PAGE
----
Tuesday, May 8, 2007

50, that's 5-oh, miles!

This Saturday was a turning point in my athletic career (I think...). I ran my first ultramarathon, a 50-mile trail race in the mountains near Buena Vista, CO. It was called the Collegiate Peaks Trail Run (collegiatepeakstrailrun.org) and it was a fantastic day! Mike and I drove in Friday night, went to the prerace meeeting and met some of the other racers. The weather forecast was not in our favor--it was supposed to rain all day and be pretty chilly. But, we woke up Saturday morning to warmer than forecasted temps feeling ready and excited. The race started at 6:30. There were about 200 runners, most of who ran the 25 mile option. The course is 25 miles of mostly double track, with some single track, a couple miles of pavement, and about 3500 feet of elevation gain. The 50 milers do the course twice, once clockwise, the other counter-clockwise. The start and finish are in the same place. I started off pretty slowly, just trying to relax and conserve energy. I was feeling good and got so into the groove that I missed a turn and ran off course for a half mile or so around mile 10. When I figured out what I had done, I was kinda pissed, so I turned around to get back on course and sped up to pass all the runners that had passed me. It took me about 12 miles to do all the catching up, but I did it! It was encouraging to have started off slowly and be able to pass people instead of starting too fast and getting passed.
Though I ran the first half feeling strong and really without pain, I still doubted my ability to complete the second half. Even when the race is 50 miles, 25 miles is still a long way to run. So, by the end of the first 25, I felt like I had just run 25 miles--tired! I was tired, but my stomach felt fine (that is often a problem on long runs), I had no blisters, and had no joint or muscle pain. I had to do some positive self-talk to while approaching the half way point, "You knew you would be tired, you expected this, you have no pain and therefore no excuses not to continue!". When I reached the turnaround (after 5 hours of running) and the 25 milers were finishing, I was beaming, pumped, and totally motivated to go for it again. Mike gave me a little cheer and a fresh protein bar and I was on my way. Because the two laps of the course are run in opposite directions, all of the 50 milers get to pass by the people still on their way to the finish line (or turnaround). That was a really neat experience--encouraging and being encouraged by the other racers. Surprisingly, I continued to feel pretty good through the second half, though I still doubted whether or not I would finish. I think I kept expecting to hit a wall, but I just never hit it. I was able to pass a few people--I would catch them, run and chat with them for a while, then move on to the next person. When I reached 40 miles, I realized I was counting down in single digits and started to believe I would finish. At mile 48, I was greeted by a cold, 20-30mph headwind and 2 long, straight, flat and paved miles. That was torture, but little by little, I moved closer to the end. I crossed the finish line 10 hours and 31 minutes after I started. All at once, I was elated, euphoric, and exhausted. I did it! Now all I want to know is--when is the next one?!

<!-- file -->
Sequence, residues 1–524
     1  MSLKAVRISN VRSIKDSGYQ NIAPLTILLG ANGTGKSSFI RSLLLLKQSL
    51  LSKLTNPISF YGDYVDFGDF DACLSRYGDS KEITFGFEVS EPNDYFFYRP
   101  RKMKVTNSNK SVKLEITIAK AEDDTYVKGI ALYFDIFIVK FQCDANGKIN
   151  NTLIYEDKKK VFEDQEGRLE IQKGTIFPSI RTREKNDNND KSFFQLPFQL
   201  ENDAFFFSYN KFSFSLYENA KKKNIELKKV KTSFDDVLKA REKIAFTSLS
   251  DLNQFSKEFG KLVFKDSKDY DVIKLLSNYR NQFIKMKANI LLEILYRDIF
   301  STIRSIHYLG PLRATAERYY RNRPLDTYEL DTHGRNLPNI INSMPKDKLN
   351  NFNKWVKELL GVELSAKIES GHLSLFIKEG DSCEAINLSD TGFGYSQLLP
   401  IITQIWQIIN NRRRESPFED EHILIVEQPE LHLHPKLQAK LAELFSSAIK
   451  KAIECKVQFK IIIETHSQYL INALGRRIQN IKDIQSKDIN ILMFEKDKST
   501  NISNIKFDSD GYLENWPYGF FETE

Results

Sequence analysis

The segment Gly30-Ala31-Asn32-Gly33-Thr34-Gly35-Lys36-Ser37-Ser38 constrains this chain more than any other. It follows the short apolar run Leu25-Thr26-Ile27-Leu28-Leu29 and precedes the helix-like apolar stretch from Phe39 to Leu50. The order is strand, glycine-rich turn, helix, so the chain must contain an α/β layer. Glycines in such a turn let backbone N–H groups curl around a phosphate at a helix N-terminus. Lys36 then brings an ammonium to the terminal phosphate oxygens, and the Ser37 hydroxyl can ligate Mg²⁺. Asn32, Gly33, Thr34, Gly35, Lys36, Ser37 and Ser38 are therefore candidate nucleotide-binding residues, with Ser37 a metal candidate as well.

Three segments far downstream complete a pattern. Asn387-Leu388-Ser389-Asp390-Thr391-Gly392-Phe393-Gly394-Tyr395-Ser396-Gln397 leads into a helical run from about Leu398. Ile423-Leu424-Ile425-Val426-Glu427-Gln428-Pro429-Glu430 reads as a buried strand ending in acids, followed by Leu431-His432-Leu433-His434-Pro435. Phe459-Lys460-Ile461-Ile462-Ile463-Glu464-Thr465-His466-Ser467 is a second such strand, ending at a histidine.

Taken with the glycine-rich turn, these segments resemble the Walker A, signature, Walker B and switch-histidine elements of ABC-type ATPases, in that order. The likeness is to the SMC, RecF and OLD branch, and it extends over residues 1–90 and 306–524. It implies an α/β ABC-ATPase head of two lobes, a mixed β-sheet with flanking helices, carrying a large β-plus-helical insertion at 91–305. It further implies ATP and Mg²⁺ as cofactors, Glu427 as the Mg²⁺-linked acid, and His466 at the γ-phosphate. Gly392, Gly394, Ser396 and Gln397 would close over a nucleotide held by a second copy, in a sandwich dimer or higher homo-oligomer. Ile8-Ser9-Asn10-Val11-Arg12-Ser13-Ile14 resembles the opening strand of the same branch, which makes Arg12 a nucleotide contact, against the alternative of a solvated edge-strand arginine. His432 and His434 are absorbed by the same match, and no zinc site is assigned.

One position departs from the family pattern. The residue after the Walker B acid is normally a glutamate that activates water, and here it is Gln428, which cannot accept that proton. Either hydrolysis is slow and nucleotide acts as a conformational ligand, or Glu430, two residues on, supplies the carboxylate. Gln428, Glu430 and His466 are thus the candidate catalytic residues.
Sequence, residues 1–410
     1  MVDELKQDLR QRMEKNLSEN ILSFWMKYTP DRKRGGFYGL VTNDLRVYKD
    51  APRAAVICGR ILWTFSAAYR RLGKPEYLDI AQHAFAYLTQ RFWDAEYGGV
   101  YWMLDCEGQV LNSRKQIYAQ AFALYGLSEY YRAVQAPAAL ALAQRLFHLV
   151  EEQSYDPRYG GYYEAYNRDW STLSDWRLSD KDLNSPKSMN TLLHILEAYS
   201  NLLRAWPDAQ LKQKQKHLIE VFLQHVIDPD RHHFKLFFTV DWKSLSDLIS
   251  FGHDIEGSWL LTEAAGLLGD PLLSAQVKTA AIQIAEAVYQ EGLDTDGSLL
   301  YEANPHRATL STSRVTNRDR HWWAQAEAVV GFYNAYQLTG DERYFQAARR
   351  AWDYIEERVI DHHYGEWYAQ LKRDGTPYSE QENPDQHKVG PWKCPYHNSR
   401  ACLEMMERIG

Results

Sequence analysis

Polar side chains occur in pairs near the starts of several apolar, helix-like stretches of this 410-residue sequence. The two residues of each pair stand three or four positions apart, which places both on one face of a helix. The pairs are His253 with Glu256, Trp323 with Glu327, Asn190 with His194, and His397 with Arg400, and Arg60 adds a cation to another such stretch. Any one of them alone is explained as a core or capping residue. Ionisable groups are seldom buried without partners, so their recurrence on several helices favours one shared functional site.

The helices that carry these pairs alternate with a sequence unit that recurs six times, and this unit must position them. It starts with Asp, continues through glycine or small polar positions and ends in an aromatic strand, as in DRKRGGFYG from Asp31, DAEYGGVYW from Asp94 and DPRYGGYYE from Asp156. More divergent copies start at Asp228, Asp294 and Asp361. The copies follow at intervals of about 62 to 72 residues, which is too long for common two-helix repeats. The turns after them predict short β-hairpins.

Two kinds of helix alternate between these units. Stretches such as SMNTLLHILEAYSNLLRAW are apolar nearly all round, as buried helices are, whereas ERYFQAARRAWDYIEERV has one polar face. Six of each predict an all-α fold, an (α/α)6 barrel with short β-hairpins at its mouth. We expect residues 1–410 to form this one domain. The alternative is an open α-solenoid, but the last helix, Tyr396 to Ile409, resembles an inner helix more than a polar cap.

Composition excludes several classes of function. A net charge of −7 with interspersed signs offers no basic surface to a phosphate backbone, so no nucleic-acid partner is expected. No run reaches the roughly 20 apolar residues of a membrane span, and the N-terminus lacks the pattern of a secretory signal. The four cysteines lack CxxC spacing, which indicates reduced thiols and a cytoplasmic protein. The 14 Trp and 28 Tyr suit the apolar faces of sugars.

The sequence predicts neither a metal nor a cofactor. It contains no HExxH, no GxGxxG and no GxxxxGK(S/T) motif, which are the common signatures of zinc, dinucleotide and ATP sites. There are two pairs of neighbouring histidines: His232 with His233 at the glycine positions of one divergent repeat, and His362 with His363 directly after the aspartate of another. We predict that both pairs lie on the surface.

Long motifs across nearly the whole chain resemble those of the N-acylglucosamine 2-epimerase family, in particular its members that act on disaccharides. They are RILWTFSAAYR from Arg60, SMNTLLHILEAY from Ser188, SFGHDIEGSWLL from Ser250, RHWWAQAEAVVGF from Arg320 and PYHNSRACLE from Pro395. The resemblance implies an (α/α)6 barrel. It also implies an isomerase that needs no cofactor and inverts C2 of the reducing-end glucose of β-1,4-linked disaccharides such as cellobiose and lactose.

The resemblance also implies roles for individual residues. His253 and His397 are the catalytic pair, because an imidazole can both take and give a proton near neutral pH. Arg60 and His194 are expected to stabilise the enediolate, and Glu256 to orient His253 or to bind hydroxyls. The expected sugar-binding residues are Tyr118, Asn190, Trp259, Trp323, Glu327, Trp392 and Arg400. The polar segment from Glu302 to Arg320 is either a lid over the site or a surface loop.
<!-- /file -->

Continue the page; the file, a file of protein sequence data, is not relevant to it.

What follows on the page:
Judd said...

Joy you are amazing. I am really impressed with your run!

My housemate just ran a 15miler with no training at all.
We are going to try to train this summer for some triathlons.

Good luck with the rest of your races!

Rebecca said...

Joy--wow! Good for you! What an accomplishment. Remember our late night runs from the Hoffman house? in particular, the nights we found a diabetic on the sidewalk and invited a stray cat (harpouffe) into the house? That was about 46 miles ago.
I was so bummed to have missed you when you were in Bozeman this past weekend. Between my cranky daughter (who is wonderful by the way) and a quick trip to Billings (which is Billings), we just didn't get it done. Next time!